Thirdly, the ego is always aware of the certainty of death, over which it has absolutely no control. In fact, all suffering is caused by fear, and the greatest fear we have is the fear of death.
In short, suffering is caused by our unwillingness to accept ‘what is’, by our wanting things to be different. If we can accept things the way they are, we can avoid suffering.
This doesn’t mean being fatalistic, just sitting and letting the world go by. We can still have desires and ambitions. They aren’t the problem. It’s the attachment to the outcome of our desires and ambitions that causes the suffering. It’s the ‘I’ll be happy when….’ syndrome. This is the main characteristic of the future-oriented personality, which is most of us, most of the time. The problem here is, that the future-oriented person cannot experience the present moment, which is the only time you can experience anything.
The future-oriented person always has a goal, but when that goal is achieved, a new goal takes its place. This personality type is never at peace with ‘what is’, is always looking to the future to bring peace, but peace is in the journey, not the destination, not the goal.
It boils down to this: If you can’t be at peace now, if you can’t be happy now, whatever your circumstances, you will never be at peace, you will never be happy, you will never be free from suffering.
Who or what is this ’I’ that suffers?
This is a very important part of the question, and is fundamental to our understanding of suffering, for if we can’t identify this ‘I’, if we can’t demonstrate that it exists, then we would have to accept that suffering is not real, that it’s an illusion.
I know – that’s a bit mind-blowing, but let’s inquire further and see where it leads.
Each one of us feels that we’re the centre of the universe; that there is ‘me’ and then there is everything else; that I am a separate being, contained within a bag of skin.
We intuitively feel that there is a ‘me’, the observer; that there is everything else, the objects of observation, and that there is the process of observing. Three separate things. But what if this isn’t true? What if there is only one thing? What if everything is part of one ‘whole’?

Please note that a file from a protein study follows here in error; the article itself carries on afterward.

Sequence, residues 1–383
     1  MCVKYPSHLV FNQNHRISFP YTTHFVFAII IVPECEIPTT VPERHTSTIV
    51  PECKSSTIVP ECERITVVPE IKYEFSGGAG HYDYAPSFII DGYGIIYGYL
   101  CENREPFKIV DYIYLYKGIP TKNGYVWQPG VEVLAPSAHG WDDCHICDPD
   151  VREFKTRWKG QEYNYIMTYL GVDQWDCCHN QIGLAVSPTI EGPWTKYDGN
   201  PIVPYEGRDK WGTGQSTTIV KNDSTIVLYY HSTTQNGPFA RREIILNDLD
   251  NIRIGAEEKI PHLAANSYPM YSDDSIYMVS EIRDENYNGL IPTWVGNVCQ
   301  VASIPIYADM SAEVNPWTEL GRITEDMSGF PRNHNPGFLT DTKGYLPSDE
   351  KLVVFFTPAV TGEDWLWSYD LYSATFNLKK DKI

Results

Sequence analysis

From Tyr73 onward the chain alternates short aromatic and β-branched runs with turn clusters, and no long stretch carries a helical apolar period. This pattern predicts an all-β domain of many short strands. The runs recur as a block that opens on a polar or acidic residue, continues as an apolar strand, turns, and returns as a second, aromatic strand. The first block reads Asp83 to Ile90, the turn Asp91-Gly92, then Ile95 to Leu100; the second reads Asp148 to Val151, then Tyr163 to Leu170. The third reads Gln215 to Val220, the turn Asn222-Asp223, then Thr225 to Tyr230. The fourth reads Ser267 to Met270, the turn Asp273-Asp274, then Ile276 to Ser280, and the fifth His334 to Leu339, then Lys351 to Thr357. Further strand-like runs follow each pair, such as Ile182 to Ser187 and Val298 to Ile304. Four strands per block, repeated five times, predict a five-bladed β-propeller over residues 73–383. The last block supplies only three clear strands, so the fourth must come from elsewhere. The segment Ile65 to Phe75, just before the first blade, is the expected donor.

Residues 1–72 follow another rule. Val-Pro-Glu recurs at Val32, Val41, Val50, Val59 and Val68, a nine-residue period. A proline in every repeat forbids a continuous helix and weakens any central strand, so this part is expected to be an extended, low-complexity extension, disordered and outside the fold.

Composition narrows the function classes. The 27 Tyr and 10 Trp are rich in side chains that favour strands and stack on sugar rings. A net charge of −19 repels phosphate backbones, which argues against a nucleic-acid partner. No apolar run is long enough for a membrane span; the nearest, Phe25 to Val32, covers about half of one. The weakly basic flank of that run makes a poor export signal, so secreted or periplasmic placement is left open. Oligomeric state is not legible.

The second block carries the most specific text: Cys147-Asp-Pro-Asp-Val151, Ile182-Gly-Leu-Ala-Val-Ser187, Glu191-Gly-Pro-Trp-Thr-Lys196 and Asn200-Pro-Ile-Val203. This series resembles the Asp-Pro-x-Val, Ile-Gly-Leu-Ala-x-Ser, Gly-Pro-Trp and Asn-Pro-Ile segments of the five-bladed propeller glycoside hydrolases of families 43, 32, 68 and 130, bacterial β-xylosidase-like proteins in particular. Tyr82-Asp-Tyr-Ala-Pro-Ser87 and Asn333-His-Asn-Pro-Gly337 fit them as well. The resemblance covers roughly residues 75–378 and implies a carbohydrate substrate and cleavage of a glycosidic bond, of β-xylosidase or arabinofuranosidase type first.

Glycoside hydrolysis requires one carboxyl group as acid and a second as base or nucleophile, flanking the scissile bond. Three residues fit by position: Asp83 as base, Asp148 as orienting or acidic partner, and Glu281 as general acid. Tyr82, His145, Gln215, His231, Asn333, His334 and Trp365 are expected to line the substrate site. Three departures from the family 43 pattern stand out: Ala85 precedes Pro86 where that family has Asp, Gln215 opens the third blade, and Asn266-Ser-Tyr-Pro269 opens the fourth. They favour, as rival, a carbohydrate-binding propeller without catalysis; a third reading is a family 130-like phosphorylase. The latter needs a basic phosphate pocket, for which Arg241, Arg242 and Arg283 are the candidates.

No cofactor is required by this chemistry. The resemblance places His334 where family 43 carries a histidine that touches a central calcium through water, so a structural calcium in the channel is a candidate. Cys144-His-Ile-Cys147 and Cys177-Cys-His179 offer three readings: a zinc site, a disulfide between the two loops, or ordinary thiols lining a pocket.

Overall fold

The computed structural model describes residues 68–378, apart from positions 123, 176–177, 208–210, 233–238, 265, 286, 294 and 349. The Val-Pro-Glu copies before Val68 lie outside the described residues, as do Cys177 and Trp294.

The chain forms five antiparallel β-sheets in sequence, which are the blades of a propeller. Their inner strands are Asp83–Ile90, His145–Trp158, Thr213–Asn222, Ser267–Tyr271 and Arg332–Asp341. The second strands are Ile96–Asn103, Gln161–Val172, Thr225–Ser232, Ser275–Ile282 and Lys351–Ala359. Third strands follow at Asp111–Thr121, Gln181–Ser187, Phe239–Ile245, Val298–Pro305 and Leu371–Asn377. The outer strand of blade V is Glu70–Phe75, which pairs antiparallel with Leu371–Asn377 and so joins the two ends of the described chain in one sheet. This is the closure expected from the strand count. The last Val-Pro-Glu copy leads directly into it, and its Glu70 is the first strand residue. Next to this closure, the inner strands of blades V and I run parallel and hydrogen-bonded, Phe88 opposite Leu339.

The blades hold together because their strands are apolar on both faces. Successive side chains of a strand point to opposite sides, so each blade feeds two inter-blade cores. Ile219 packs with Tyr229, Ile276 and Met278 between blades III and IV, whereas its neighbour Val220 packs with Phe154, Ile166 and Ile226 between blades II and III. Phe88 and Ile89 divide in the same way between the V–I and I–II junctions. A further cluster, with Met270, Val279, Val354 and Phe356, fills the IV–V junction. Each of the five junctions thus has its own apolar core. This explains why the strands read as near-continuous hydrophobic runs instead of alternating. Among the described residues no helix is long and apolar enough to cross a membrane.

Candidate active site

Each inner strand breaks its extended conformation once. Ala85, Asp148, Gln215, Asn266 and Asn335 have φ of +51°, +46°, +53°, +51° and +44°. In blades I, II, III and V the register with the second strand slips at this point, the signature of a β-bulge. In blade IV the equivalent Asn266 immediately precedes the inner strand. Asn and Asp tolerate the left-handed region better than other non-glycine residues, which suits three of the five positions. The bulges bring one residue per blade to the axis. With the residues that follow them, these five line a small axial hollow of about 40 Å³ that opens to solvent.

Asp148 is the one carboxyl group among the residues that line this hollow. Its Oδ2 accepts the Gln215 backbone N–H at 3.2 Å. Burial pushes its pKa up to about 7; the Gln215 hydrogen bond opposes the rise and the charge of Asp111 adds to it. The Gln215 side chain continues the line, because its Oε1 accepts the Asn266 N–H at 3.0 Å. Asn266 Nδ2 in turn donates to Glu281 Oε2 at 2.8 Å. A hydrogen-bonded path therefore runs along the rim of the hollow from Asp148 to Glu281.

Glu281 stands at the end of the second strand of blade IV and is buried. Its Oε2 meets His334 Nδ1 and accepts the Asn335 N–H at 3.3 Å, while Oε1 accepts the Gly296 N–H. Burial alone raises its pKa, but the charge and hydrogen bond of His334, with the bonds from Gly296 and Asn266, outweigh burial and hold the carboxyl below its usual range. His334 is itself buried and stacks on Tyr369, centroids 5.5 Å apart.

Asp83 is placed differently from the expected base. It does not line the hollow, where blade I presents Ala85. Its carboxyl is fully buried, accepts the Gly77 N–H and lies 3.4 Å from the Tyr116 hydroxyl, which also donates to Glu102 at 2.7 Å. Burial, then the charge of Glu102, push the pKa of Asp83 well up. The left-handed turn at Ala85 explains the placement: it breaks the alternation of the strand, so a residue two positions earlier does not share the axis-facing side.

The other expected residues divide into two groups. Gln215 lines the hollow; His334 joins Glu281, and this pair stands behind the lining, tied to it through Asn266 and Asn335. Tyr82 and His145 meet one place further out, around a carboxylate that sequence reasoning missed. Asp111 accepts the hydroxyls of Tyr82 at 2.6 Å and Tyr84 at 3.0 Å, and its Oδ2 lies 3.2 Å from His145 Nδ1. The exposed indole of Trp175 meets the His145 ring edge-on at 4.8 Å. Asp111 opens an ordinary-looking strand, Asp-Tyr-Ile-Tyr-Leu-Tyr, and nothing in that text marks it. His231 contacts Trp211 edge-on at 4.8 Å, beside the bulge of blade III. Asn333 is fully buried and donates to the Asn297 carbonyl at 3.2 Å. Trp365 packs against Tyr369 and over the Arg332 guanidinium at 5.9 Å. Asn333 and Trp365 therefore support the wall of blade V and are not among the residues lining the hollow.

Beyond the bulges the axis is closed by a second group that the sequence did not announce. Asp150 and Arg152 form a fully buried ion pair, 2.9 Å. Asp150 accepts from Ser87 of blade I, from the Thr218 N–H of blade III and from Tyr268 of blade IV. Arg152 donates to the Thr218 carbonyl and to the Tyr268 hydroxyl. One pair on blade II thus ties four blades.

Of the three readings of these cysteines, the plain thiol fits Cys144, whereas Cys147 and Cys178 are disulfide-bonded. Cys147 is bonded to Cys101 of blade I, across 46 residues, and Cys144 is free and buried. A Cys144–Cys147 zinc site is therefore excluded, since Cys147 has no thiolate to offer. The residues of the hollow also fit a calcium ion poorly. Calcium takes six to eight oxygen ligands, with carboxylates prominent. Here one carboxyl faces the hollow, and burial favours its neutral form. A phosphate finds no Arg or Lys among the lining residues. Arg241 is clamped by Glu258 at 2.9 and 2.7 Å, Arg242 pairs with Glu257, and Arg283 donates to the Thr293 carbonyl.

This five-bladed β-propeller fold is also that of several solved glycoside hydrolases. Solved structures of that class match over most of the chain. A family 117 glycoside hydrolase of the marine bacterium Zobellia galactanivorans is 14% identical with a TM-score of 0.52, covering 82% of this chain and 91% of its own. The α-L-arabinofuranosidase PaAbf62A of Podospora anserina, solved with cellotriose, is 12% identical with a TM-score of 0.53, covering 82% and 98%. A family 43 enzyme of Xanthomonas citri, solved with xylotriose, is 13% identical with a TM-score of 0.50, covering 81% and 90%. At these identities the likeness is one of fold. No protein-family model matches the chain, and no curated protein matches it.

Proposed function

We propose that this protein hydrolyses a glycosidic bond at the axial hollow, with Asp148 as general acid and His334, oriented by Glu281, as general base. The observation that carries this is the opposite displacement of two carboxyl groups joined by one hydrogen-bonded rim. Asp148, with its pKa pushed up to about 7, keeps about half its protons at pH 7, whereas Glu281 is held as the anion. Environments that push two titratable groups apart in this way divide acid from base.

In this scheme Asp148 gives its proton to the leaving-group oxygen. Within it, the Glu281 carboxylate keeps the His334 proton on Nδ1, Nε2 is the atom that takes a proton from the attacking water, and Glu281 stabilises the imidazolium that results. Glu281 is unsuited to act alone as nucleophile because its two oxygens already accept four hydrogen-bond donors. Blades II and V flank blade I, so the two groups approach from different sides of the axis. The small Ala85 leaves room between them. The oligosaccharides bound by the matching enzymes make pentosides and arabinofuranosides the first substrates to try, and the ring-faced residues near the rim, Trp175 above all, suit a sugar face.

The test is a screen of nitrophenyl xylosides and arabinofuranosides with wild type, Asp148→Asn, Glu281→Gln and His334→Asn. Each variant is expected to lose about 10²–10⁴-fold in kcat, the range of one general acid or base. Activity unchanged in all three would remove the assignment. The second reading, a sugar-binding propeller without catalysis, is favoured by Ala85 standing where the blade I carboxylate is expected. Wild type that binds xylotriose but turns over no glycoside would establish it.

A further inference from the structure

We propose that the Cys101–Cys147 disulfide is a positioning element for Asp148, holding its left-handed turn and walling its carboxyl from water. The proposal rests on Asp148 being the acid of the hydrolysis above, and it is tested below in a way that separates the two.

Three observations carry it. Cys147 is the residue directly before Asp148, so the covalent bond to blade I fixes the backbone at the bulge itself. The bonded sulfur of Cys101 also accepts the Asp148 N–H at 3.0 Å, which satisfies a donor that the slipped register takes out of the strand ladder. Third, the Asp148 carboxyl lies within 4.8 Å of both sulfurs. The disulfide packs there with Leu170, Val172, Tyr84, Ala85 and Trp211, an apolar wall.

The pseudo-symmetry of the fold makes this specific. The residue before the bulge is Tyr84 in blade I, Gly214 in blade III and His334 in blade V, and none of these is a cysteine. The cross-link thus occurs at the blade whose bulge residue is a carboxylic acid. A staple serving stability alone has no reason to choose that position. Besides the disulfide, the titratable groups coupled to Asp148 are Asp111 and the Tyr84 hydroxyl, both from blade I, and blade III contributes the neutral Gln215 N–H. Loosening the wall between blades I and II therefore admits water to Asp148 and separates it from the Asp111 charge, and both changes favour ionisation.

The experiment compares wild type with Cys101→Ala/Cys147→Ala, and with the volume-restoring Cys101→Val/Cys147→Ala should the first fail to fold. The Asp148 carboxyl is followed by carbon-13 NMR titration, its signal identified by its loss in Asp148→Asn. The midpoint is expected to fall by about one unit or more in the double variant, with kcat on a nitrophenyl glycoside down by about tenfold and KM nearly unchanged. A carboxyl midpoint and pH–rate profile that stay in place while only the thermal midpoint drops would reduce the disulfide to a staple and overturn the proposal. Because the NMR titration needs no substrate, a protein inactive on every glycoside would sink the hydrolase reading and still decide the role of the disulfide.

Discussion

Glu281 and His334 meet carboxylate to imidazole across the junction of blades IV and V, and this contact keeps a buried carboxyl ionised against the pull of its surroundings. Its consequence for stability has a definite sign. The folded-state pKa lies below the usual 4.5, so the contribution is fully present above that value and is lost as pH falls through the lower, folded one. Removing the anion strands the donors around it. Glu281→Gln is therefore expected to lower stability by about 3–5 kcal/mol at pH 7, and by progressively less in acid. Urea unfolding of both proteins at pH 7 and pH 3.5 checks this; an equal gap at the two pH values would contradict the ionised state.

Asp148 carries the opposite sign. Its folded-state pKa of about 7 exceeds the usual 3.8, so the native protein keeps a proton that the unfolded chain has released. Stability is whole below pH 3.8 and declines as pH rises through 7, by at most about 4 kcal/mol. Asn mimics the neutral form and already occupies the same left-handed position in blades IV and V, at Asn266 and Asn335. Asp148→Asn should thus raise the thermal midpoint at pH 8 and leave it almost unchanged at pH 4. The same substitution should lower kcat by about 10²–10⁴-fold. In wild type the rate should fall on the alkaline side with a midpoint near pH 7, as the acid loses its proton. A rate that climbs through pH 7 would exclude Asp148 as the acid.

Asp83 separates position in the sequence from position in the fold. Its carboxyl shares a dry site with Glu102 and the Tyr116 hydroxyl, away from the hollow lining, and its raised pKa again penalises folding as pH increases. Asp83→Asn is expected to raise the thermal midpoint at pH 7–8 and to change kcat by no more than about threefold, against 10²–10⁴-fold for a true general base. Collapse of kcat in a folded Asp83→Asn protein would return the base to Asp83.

My bag of skin and bones is not separate from everything else. It relies on everything else in order to survive. It is said that the air you are breathing was in the lungs of a Chinese person just 48 hours ago; that some of the molecules of air that you are breathing were in the lungs of Hitler, Jesus, and everyone else at one time.
Just consider the meal on your table. Think about the number of people who were involved in getting that food to your table, from the people who planted and harvested the food, the farmers who raised the livestock, the pickers, the packers, the drivers, the sailors, the pilots, the wholesalers, the retailers, the shop workers, the list goes on.
We are totally dependent on thousands of other people for everything we have in life. We are interdependent with the whole of humanity – and with the plant and animal kingdoms.
But, this is just the physical side of things. What if we are connected at every level – physical, mental, psychological and even spiritual. (But that’s another question)
So that we can begin to search for this ‘I’ that suffers, we must examine the ego, and inquire if it has any basis in reality. The question we have to investigate is: ‘Who am I?’
But, who is asking the question: ‘Who am I?’